Leukemia can refer to several different types of cancer of the bone marrow and blood. Although leukemia occurs more often in adults over age 55, it is the most common type of cancer in children.
Researchers have found a link between these types of cancer and exposure to smoking and some dangerous chemicals, but there is also the possibility of a genetic component. Certain blood disorders may make a person more likely to develop leukemia.
A significant step in your cancer treatment is to understand what type of cancer you have. That, along with other factors we’ll mention below, are what determines the treatment your cancer doctor recommends.
Different Types of Leukemia
The type of leukemia you have depends on two factors:
- What type of cell is affected — Cancer begins growing in the bone marrow cells that become either myeloid cells or lymphocyte cells.
- The growth rate of the cancer cells — The acute type of leukemia is faster-growing than the chronic type of leukemia.
This means there are four different types of leukemia:
- Acute lymphocytic leukemia (ALL)
- Acute myelogenous leukemia (AML)
- Chronic lymphocytic leukemia (CLL)
- Chronic myelogenous leukemia (CML)
The faster growing, acute leukemia requires immediate and aggressive treatment. Chronic leukemia is slower growing, but it still must be treated.
To determine what type of leukemia you have, doctors rely on a complete blood count, liver and renal function studies, bone marrow examination, and a “flow cytometry” blood test. They also use cytogenetics (the relation of chromosomes to cell behavior) to help identify the leukemia type.
Factors that Determine Your Cancer Treatment
You likely know of someone who has been treated for cancer with radiation or chemotherapy – or perhaps both. You may feel apprehensive and worry about the cancer treatment you’ll receive, but it’s important to know that your cancer treatment may differ greatly from someone else who has cancer.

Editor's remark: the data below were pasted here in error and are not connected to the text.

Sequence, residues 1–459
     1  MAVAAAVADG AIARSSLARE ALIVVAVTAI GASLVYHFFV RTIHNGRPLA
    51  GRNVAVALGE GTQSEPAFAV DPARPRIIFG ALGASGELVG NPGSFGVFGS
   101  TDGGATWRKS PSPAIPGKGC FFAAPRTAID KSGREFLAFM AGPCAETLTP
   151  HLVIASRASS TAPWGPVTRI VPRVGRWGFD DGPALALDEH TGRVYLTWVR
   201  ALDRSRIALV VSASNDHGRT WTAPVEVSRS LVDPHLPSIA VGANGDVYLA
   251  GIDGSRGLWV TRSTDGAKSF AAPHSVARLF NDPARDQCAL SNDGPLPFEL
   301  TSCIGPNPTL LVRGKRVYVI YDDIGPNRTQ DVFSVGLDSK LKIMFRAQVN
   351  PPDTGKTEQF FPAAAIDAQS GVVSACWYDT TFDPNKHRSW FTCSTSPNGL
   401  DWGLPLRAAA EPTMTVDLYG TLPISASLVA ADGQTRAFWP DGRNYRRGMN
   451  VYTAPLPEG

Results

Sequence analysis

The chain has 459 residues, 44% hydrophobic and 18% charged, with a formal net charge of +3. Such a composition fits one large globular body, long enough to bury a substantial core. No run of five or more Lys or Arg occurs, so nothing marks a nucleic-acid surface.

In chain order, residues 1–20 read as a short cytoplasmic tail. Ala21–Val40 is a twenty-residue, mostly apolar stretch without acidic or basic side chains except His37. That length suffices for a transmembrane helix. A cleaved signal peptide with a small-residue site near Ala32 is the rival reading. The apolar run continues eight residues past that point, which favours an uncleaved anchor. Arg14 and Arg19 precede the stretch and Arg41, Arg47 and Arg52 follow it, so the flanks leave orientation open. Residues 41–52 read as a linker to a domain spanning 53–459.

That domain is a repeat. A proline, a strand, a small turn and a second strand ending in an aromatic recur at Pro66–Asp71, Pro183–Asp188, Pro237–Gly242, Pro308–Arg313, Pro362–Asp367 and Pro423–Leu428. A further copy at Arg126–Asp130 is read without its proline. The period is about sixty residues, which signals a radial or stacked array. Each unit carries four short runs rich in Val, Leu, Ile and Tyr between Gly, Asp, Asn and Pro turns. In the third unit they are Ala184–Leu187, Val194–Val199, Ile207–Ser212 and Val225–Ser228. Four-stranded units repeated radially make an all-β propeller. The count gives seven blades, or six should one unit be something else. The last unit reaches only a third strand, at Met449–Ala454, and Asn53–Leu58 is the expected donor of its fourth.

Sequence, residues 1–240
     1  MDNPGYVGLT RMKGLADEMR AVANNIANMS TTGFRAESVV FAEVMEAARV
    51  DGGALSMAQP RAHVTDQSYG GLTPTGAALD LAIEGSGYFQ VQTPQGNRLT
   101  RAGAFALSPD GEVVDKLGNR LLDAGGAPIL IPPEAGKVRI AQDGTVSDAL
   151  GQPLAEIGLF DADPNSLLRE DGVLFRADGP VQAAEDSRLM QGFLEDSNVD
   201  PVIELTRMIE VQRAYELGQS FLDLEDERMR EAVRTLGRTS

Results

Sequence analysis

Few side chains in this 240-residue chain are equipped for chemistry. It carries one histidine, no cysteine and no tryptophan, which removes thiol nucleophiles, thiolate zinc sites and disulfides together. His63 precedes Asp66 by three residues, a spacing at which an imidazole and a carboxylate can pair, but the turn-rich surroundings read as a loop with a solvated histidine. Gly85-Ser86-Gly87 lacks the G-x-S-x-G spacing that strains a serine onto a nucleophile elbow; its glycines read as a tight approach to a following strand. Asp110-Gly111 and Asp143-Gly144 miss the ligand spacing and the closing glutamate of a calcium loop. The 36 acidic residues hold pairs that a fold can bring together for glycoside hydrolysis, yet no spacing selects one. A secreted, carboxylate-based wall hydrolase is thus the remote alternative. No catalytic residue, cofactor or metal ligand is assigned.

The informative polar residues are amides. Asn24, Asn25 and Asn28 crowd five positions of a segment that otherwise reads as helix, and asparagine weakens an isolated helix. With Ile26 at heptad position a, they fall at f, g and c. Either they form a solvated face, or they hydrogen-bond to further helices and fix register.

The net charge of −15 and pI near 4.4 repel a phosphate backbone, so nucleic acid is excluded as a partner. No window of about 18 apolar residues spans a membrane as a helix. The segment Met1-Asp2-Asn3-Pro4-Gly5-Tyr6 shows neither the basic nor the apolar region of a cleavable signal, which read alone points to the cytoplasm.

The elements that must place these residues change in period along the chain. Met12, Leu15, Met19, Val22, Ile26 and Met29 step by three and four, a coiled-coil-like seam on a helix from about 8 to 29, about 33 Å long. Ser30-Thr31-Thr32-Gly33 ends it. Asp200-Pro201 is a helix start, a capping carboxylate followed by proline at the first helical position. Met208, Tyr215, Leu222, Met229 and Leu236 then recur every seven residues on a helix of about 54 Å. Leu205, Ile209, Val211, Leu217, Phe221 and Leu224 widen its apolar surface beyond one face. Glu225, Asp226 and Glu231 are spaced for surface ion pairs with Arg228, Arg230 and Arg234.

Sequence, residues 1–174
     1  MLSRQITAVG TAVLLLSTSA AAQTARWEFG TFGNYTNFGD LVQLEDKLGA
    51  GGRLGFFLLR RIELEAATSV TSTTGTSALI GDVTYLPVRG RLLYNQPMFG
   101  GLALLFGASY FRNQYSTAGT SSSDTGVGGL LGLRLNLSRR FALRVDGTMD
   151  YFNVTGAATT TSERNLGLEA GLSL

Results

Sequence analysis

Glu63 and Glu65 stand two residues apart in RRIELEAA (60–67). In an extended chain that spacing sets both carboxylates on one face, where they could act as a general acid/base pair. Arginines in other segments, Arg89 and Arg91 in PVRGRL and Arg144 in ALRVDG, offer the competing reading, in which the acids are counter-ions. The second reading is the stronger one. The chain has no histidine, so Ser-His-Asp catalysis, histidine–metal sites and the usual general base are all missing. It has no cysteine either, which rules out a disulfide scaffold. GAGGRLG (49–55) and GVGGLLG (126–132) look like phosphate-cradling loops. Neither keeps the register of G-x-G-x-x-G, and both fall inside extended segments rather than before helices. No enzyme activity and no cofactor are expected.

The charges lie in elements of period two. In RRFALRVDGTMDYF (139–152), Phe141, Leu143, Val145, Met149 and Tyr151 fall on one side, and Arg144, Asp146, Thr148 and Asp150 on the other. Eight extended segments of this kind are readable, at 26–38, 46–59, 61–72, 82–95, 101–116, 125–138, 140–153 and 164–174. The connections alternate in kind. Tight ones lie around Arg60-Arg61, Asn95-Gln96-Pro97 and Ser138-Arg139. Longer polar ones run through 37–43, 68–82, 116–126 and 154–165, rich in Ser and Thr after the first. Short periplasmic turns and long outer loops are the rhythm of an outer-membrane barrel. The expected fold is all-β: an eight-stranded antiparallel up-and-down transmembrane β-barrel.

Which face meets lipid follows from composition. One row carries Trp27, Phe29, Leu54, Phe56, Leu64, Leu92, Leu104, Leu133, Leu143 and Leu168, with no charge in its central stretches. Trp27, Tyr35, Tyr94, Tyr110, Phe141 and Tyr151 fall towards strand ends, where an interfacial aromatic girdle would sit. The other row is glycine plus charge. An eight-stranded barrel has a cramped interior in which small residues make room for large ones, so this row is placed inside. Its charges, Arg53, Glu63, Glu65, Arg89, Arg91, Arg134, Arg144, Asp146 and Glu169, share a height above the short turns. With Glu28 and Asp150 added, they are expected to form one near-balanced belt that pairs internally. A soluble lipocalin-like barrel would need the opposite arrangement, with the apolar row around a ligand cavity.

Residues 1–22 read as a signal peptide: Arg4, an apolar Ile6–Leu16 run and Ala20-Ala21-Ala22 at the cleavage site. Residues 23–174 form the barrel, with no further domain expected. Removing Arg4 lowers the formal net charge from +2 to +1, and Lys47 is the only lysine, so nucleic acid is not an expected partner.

Your cancer doctor takes other factors into consideration before recommending a course of treatment. Besides the type of cancer you have and the presence (or lack of) certain biomarkers, other significant factors include:
- Your age
- Acute myelogenous leukemia (AML)
- Your general health
- Stage of cancer
In general, the younger you are when cancer is diagnosed, the more aggressive the cancer, which requires an aggressive cancer treatment. When you are diagnosed with cancer later in life, the cancer is slower-growing and there is often time to examine various treatment options.
Your current state of health (for example, physical fitness or the presence of other medical conditions) is important in determining how aggressively your cancer can be treated and what treatments can be used. You should also discuss any past health issues with your oncologist so that he or she can determine if it’s a factor in your cancer treatment.
When compared to other cancers, the staging of leukemia is different because the cancer cells begin growing in the bone marrow (i.e., there is no originating tumor). The different leukemia types (ALL, AML, CLL, CML) require different staging systems. Other variables doctors use (besides your age and health) when staging the cancer can include:
- Number and size of the cancerous cells
- Sub-type of the cancer (applies only to ALL and AML)
- Where else the cancerous cells are located (lymph nodes, thymus, spleen, etc.)
Treatment for leukemia may include:
- Chemotherapy — Anti-cancer drugs taken intravenously or by mouth.
- Stem cell transplant — Cancer cells are destroyed with chemotherapy and replaced with healthy stem cells.
- Radiation — Radiation is sometimes used after chemotherapy.
Your Treatment Team
A medical oncologist, with the assistance of nurses and staff, will treat your cancer in addition to any cancer-related conditions. The medical oncologist has the role of treating your cancer using chemotherapy or other medications, if appropriate.
The oncologist also works with other types of healthcare professionals to treat your cancer:
A doctor who specializes in diseases and conditions of the blood.
Treats cancer using radiation therapy.
Evaluates the results of genetic tests to provide further information about your cancer.
Your oncologist consults extensively with the other doctors to determine what type of treatment will result in the best outcome for you. Although you might receive treatment from any of the doctors on your cancer team, your oncologist is the “quarterback” who coordinates the treatment.
You can read more about your cancer doctor’s background and experience on the About page.